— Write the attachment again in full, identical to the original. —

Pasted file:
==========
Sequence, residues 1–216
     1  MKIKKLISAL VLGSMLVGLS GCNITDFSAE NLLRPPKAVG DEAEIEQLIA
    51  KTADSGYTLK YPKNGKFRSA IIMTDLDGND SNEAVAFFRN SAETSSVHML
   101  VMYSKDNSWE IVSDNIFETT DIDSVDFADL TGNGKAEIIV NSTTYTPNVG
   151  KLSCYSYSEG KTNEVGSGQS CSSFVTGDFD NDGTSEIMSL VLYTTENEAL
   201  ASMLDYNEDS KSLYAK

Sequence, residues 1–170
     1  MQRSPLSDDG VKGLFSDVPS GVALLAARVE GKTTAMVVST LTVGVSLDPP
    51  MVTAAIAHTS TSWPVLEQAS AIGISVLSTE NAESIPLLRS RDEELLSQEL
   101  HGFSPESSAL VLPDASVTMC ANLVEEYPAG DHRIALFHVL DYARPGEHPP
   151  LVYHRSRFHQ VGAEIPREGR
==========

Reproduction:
Sequence, residues 1–216
     1  MKIKKLISAL VLGSMLVGLS GCNITDFSAE NLLRPPKAVG DEAEIEQLIA
    51  KTADSGYTLK YPKNGKFRSA IIMTDLDGND SNEAVAFFRN SAETSSVHML
   101  VMYSKDNSWE IVSDNIFETT DIDSVDFADL TGNGKAEIIV NSTTYTPNVG
   151  KLSCYSYSEG KTNEVGSGQS CSSFVTGDFD NDGTSEIMSL VLYTTENEAL
   201  ASMLDYNEDS KSLYAK

Sequence, residues 1–170
     1  MQRSPLSDDG VKGLFSDVPS GVALLAARVE GKTTAMVVST LTVGVSLDPP
    51  MVTAAIAHTS TSWPVLEQAS AIGISVLSTE NAESIPLLRS RDEELLSQEL
   101  HGFSPESSAL VLPDASVTMC ANLVEEYPAG DHRIALFHVL DYARPGEHPP
   151  LVYHRSRFHQ VGAEIPREGR